Q: You B&B is quite new, isn’t it? When did you open? A: We opened July 1st.
Q: Congratulations on finishing your first month! Has it been what you expected? Any surprises?
A: It’s just what I thought it would be—it is so different from what I used to do so there’s a learning curve.
As to surprises, well, I’m not used to planning breakfast so thoroughly. When you have kids you do not think about menus, but for the B&B I focus on them. I want to make sure all the components of the meal really work together. I enjoy that part of cooking.
Q: Do you have a favorite breakfast dish so far?
A: The favorite for me is the one I made today: almond croissant French toast, topped with with almond butter syrup – it’s really excellent.
I use local fruits and vegetables as much as I can, whatever is in season. It always tastes better.
Q: You said running a B&B is so different from what you used to do; what was that, and what’s the biggest difference?
A: I was a physical therapist for almost 40 years, doing outpatient orthopedics. I liked interacting with my patients and helping them recover from surgery or ordinary injuries. Helping patients through some tough times is very rewarding.
As to differences, beyond the obvious ones, as a physical therapist my time was very structured. This career is a lot less structured. I’m enjoying some of the freedom it affords me.
Q: The way you describe physical therapy, it has a real hospitality dimension to it. But a B&B really is a career change; why a B&B?
A: Yes, there is a hospitality dimension to it; I’d interacted with people for long periods of time. This has helped me with the transition to my job.
My husband and I often stay in B&Bs when we traveled. We thought it was a great way to meet other people and to have the feeling you are closer to the community. We thought wine country would be the perfect place to start a B&B. Because family was here too, this was a logical choice for us.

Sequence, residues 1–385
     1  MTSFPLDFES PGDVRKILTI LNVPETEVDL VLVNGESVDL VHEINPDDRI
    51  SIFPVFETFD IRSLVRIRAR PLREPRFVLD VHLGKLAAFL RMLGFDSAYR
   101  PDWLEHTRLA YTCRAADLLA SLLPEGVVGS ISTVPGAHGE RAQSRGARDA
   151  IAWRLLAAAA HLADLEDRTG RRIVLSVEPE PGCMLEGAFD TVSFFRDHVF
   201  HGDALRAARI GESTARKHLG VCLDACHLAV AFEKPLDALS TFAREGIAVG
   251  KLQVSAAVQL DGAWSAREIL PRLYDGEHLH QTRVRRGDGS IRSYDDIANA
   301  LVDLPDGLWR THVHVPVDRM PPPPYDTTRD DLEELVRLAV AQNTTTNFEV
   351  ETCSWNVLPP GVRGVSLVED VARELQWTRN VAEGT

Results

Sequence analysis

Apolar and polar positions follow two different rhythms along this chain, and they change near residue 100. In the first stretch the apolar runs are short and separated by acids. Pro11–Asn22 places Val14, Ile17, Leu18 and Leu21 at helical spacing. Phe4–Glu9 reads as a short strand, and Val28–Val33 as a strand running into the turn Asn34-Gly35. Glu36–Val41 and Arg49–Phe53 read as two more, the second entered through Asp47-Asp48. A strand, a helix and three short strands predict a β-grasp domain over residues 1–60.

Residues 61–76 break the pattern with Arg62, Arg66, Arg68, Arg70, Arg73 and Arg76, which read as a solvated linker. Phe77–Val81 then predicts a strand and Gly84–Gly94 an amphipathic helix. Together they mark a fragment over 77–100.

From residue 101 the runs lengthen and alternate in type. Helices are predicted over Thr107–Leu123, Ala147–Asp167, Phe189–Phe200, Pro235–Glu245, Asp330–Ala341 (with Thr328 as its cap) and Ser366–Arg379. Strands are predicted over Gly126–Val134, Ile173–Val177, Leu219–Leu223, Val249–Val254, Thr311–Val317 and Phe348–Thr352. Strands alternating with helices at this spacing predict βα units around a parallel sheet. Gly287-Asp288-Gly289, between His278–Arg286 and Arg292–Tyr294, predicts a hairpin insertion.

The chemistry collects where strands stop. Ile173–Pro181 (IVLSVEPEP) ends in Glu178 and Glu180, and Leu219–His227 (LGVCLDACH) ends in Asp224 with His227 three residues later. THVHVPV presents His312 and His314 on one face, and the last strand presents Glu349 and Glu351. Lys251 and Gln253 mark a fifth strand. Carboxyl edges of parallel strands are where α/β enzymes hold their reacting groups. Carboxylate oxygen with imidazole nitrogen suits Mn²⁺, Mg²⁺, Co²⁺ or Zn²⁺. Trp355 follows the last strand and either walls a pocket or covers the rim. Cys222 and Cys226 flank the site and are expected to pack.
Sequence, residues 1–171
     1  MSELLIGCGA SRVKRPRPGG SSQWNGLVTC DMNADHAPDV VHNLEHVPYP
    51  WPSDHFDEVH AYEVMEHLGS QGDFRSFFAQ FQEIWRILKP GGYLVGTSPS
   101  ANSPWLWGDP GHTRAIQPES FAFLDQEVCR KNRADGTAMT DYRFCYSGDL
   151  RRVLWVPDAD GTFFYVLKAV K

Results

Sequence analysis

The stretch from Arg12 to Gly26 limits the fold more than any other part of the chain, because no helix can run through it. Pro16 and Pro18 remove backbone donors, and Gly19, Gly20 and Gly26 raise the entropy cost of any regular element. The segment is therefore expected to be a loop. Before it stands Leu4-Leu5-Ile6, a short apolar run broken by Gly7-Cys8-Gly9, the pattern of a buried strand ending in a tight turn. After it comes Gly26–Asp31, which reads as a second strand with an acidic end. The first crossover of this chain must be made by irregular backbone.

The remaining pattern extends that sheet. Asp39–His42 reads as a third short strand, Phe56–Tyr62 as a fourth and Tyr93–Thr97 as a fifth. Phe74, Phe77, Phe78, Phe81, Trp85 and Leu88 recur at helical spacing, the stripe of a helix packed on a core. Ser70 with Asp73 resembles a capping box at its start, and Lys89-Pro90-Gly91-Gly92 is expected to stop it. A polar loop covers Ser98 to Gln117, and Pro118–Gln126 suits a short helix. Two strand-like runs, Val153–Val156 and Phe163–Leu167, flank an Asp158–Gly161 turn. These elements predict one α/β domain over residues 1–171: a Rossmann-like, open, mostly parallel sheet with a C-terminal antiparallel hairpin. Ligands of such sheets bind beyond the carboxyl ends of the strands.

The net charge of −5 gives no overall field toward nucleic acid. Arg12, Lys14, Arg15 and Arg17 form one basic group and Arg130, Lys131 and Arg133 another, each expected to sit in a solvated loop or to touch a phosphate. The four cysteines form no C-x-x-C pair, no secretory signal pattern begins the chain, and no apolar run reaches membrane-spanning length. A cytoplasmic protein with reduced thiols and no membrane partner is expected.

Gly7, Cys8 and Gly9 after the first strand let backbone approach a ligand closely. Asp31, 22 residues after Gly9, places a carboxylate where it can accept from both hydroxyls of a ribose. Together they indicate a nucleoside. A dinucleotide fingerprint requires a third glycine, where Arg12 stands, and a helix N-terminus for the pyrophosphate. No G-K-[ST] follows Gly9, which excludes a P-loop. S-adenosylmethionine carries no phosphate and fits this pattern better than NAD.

Q: You have family around here? Did you grow up out here?
A: My sister lives in Hampton Bays, but no, I didn’t grow up out here. My dad was in the Navy and we moved a lot when I was a kid. I went to high school in Smithtown. When I got married, my husband and I settled down in Massachusetts. When we would come visit my mother and sister we would take the Orient ferry, and we just loved the North Fork.
Q: Your B&B is called the Wickham-Prince Bed and Breakfast. Wickham and Prince are old names here; why did you choose them for the B&B?
A: The house is historical landmark and was named the Wickham-Prince house. It was sold from the Wickham family to the Prince family in 1897. The Wickham family built it. We looked at a lot of places, before buying this one. Nothing really fit until we found this one; it was just perfect.
Though the building remains historic, we’ve renovated the inside. Some of the walls, closet doors and molding are still original. We have two guest rooms. The Prince room is a cozy bedroom with a private bathroom; the Wickham room is larger, more of suite with a sitting area and private bath. Our guests enjoy a private patio in our gardens.
Q: Where are you located?
A: We’re a couple houses in from the Main Road in Southold, a few steps from the train station and downtown. It’s easy to dine, shop, and visit museums and galleries without getting in your car.
Q: You’ve been passing through the North Fork for over 30 years, but you’ve been living here only a short while. Has anything surprised you about living on the North Fork?
A: The thing that surprised me—and I don’t know why it surprised me—is that everyone in Southold and on the whole North Fork has been friendly and helpful. People out here have helped us significantly in getting our B&B started. I really appreciate that.
Q: Do you have a favorite thing to do that you recommend to your guests?
A: One of my favorite things to do is get a bottle from a local vineyard—my favorite is Sparkling Pointe—and go to the beach for the sunset on the sound. It’s really beautiful.